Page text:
Three new classes of vessels are scheduled to enter the Royal Navy’s fleet in 2027 and 2028, according to a report published by the UK’s House of Commons Defence Committee.
As informed, the vessels in question are Type 26 frigates, Type 31 frigates and fleet solid support ships. The ships will enter service simultaneously. The report emphasized that these projects must all be delivered on schedule in order to exit the period of risk that budgetary restrictions have placed the navy in. However, they face many structural and project-specific risks, and the Ministry of Defence’s track record on delivery is far from good.
“The Committee calls for better scrutiny to ensure vessels are delivered on time. It calls for the Government to report annually to Parliament on the availability of vessels, its shipbuilding plans, and the progress of five key programmes: the construction of theType 26 and Type 31 class frigates and the Astute and Dreadnought class submarines, and the Power Improvement Project to fix engine issues in the Type 45 destroyers,” the committee noted.
In October this year, the Royal Navy revealed that the construction of its first in the series of eight Type 26 frigates is sufficiently complete for the navy to begin assigning sailors to the vessel. The construction of the first vessel, HMS Glasgow, started in July 2017.
HMS Glasgow is the first of an initial batch of three ships all named after great UK cities, followed by HMS Cardiff and Belfast. Operating from Devonport Naval Base, the Type 26s will be equipped with bow and towed-array sonars, plus carry a Wildcat or Merlin helicopter, for submarine-hunting missions.
The eight Type 26s will replace the current anti-submarine warfare Type 23 frigates. They will make up the next generation of the navy’s fleet, along with the first batch of five Type 31 frigates. By retiring two Type 23 frigates, the navy wants to save £100 million to boost the future fleet.
The Type 31 frigates, which will now be known as the Inspiration class, will be built by defense company Babcock International. The Royal Navy has picked Babcock’s Arrowhead 140 proposal as the preferred design for its Type 31 frigates. The fleet of five ships will be built at an average production cost of £250 million per ship.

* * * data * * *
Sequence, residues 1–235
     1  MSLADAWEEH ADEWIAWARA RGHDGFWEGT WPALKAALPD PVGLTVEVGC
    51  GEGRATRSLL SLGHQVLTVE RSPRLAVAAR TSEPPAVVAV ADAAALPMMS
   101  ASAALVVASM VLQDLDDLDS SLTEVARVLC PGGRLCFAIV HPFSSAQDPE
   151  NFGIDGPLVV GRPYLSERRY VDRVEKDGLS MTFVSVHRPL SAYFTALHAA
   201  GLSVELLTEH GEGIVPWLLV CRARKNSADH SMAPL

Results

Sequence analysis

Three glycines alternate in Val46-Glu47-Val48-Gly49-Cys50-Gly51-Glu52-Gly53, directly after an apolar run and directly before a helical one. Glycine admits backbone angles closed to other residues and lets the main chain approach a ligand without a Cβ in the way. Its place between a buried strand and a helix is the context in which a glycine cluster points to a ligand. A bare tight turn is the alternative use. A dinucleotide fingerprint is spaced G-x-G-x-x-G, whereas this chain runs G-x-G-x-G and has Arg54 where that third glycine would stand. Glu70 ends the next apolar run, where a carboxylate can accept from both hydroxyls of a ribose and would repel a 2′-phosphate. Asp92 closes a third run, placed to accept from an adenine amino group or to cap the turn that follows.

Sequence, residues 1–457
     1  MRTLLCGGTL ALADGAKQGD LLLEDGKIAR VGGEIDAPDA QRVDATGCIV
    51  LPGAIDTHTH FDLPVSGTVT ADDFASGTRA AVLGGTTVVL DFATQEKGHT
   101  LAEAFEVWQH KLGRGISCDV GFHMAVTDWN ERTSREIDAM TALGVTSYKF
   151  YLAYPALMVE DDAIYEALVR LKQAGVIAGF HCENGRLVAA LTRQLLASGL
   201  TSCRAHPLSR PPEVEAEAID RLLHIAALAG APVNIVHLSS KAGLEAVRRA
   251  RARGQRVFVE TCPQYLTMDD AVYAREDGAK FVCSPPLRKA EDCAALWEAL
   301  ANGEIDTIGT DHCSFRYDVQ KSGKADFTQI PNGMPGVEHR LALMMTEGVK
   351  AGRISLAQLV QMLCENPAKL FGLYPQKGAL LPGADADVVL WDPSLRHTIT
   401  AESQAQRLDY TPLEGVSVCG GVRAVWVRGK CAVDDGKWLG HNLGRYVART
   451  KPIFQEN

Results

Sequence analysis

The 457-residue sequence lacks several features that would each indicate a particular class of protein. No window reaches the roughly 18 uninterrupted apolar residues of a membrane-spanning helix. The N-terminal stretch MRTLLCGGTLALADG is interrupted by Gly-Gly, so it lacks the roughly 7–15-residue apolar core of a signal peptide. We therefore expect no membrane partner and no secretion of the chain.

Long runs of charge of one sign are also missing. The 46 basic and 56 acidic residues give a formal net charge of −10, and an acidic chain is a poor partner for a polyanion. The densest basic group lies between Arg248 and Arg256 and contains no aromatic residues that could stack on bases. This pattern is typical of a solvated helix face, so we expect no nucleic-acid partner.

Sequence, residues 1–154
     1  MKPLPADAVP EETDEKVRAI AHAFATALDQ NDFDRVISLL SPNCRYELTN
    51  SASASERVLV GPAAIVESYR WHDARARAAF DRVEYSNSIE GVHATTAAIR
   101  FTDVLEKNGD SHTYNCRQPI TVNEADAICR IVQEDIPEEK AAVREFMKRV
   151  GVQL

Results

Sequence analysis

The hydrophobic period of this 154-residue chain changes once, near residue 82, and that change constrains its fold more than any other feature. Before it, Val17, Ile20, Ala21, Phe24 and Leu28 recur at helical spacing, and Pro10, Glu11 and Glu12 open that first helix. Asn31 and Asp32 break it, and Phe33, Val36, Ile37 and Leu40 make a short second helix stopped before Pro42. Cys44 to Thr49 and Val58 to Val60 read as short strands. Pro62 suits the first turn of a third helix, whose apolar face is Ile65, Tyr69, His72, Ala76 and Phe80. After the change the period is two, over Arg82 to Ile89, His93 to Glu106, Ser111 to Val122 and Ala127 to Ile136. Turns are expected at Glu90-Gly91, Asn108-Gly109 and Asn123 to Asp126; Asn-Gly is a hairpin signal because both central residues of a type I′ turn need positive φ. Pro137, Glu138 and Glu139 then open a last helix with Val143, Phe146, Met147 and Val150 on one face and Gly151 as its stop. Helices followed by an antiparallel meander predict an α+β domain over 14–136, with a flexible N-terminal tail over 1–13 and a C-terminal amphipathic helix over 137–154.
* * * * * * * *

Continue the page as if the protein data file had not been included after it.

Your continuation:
The steel-cutting ceremony for the first vessel HMS Venturer took place this September in Babcock’s facility in Rosyth, Scotland.
Each of the Inspiration-class ships will be equipped with the Sea Ceptor air defence missile system, a 57mm main gun and two 40mm Bofors, a 4D radar and carry a helicopter up to Merlin size.
They will also be able to carry the planned, persistent operational delivery systems (PODS), a “plug and play box of tricks” carrying drones, autonomous mine hunting equipment, a command center for commando raiders, or humanitarian aid.
The fleet solid support (FSS) ships will be built for the Royal Fleet Auxiliary and will be designed to keep the Queen Elizabeth-class aircraft carriers and amphibious task groups supplied with everything from ammunition to food as they sail on operations around the world.
Four contracts worth £5m a piece for the ‘Competitive Procurement Phase’ have been awarded to develop the design and build of the new ships.
“The next ten years will prove a test for our naval fleet. The UK is faced with an increasingly hostile and unpredictable international environment but the Government is still reducing funding, retiring capability and asking the Navy to rely on increasingly elderly vessels for the next five years until new ships come in.”
“The timely delivery of these new ships is crucial to plug the hole in our naval capabilities. However, the Ministry of Defence has a poor track record projects like this. We need a firm hand on the tiller to navigate us through the next decade,” Chair of the Defence Committee, Tobias Ellwood, concluded.